Breakneck Speed vs. Full Prudent Speed in Engineering.

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Ships and Speed

A long time ago, I read about shipping and the concepts of full prudent speed and breakneck speed.

If you run your ship at a prudent speed, everything is under control. You don’t endanger anyone. You’ll deliver your goods, and everything will be fine.

But sometimes, things must be delivered faster. Much, much faster. This was often the case in the early days of the East India Company. Then, the captain of the ship would order everyone to operate at breakneck speed, as fast as possible, with potential risks such as men going overboard or, in the worst-case scenario, losing the whole ship.

From Ships to Bits and Bytes

As Interim CTO I am gifted working with many different types of organizations and engineering departments. And I’ve experienced the concepts of breakneck speed and full prudent speed there as well.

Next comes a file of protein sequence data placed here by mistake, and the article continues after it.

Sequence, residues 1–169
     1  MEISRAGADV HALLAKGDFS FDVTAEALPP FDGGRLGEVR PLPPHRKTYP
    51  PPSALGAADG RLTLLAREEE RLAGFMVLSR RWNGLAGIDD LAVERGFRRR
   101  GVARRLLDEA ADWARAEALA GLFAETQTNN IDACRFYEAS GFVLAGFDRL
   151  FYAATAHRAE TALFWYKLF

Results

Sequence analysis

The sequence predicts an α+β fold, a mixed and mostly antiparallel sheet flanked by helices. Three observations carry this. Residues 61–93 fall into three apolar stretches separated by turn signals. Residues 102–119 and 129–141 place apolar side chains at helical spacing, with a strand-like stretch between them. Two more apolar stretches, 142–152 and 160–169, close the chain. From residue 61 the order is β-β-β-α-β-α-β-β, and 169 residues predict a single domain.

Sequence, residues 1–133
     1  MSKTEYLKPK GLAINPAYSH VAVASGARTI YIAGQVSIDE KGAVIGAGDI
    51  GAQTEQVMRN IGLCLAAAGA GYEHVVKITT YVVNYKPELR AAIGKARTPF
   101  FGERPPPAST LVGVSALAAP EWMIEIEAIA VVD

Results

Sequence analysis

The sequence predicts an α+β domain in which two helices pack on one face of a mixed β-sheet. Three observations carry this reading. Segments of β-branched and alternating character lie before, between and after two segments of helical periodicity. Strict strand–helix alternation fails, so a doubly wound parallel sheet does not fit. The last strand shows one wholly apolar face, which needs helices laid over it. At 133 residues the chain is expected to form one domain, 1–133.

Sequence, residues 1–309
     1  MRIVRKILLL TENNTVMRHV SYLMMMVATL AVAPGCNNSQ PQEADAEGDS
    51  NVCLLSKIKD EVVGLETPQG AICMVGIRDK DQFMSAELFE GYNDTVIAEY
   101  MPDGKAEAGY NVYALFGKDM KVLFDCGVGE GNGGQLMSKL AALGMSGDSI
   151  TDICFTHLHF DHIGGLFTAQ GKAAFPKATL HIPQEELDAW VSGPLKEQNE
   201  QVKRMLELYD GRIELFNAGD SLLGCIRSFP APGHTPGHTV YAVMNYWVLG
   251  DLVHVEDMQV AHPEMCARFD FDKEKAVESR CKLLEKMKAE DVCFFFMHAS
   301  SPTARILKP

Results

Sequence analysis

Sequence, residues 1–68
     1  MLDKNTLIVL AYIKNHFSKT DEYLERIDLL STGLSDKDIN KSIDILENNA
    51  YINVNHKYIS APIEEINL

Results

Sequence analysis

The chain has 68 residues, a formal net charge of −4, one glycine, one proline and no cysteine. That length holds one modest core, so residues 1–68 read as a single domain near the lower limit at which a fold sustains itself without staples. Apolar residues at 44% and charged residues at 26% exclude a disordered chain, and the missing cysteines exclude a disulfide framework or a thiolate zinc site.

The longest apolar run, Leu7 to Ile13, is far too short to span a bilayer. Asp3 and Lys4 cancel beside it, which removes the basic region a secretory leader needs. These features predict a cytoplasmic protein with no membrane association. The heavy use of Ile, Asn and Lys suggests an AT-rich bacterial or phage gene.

Especially in startups, you often see the entire engineering team operating at breakneck speed. Plans change frequently. There’s uncertainty. Tech debt accrues on a massive scale. People leaving the company. High pace. Lot of waste.

In contrast, other engineering departments operate at a prudent speed. Everyone’s focused. Plans and roadmaps exist and don’t change frequently. Teams have time to fix bugs and write good tests, which supercharge stability and delivery. Processes are diligently improved and perfected over time.

Your Choice: Breakneck Speed or Prudent Speed

In the end, it’s your choice at which speed you operate your department.

Sometimes, it’s necessary to operate at breakneck speed. This is especially true for startups. But if you do this for too long, your engineering department will fall apart.

Most of the time, your engineers should operate at a prudent speed, delivering excellent work with the highest quality and delighting customers.

One Last Word

I obtained this information from a book I read a long time ago, but I can’t remember which one. So, I can’t even prove that the concepts of breakneck speed vs. full prudent speed are actually true. If you have any pointers regarding the origins of this story, please let me know!

I just re-read Tom DeMarco’s excellent book “Slack”. And THIS was the book I could not remember when writing my article. The book Slack features “Chapter 31: Working at Breakneck Speed” which was the original inspiration for this article I think. All kudos go to Tom DeMarco. Don’t miss to read his book Slack. It’s very well worth your time!